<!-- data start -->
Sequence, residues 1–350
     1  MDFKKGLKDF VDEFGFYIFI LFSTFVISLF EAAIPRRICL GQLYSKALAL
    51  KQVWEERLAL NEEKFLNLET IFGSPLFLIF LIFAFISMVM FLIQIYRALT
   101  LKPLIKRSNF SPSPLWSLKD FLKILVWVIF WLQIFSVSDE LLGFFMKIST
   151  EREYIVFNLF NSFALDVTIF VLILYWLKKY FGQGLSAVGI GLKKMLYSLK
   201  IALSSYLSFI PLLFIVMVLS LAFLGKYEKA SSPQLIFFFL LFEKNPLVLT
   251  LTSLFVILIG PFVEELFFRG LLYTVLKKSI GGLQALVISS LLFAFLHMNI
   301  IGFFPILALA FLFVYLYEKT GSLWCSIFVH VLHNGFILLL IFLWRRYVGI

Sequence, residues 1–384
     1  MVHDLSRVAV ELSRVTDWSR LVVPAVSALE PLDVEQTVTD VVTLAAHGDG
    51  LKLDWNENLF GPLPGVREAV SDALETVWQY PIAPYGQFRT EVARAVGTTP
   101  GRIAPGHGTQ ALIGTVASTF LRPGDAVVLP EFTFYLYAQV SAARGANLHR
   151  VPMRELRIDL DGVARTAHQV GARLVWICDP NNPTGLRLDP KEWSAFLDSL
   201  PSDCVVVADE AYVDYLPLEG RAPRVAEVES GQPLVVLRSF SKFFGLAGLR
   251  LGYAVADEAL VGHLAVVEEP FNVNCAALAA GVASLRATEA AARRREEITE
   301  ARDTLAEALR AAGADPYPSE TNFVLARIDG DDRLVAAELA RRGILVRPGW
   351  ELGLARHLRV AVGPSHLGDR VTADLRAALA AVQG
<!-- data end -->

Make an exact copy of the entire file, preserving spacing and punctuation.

Sequence, residues 1–350
     1  MDFKKGLKDF VDEFGFYIFI LFSTFVISLF EAAIPRRICL GQLYSKALAL
    51  KQVWEERLAL NEEKFLNLET IFGSPLFLIF LIFAFISMVM FLIQIYRALT
   101  LKPLIKRSNF SPSPLWSLKD FLKILVWVIF WLQIFSVSDE LLGFFMKIST
   151  EREYIVFNLF NSFALDVTIF VLILYWLKKY FGQGLSAVGI GLKKMLYSLK
   201  IALSSYLSFI PLLFIVMVLS LAFLGKYEKA SSPQLIFFFL LFEKNPLVLT
   251  LTSLFVILIG PFVEELFFRG LLYTVLKKSI GGLQALVISS LLFAFLHMNI
   301  IGFFPILALA FLFVYLYEKT GSLWCSIFVH VLHNGFILLL IFLWRRYVGI

Sequence, residues 1–384
     1  MVHDLSRVAV ELSRVTDWSR LVVPAVSALE PLDVEQTVTD VVTLAAHGDG
    51  LKLDWNENLF GPLPGVREAV SDALETVWQY PIAPYGQFRT EVARAVGTTP
   101  GRIAPGHGTQ ALIGTVASTF LRPGDAVVLP EFTFYLYAQV SAARGANLHR
   151  VPMRELRIDL DGVARTAHQV GARLVWICDP NNPTGLRLDP KEWSAFLDSL
   201  PSDCVVVADE AYVDYLPLEG RAPRVAEVES GQPLVVLRSF SKFFGLAGLR
   251  LGYAVADEAL VGHLAVVEEP FNVNCAALAA GVASLRATEA AARRREEITE
   301  ARDTLAEALR AAGADPYPSE TNFVLARIDG DDRLVAAELA RRGILVRPGW
   351  ELGLARHLRV AVGPSHLGDR VTADLRAALA AVQG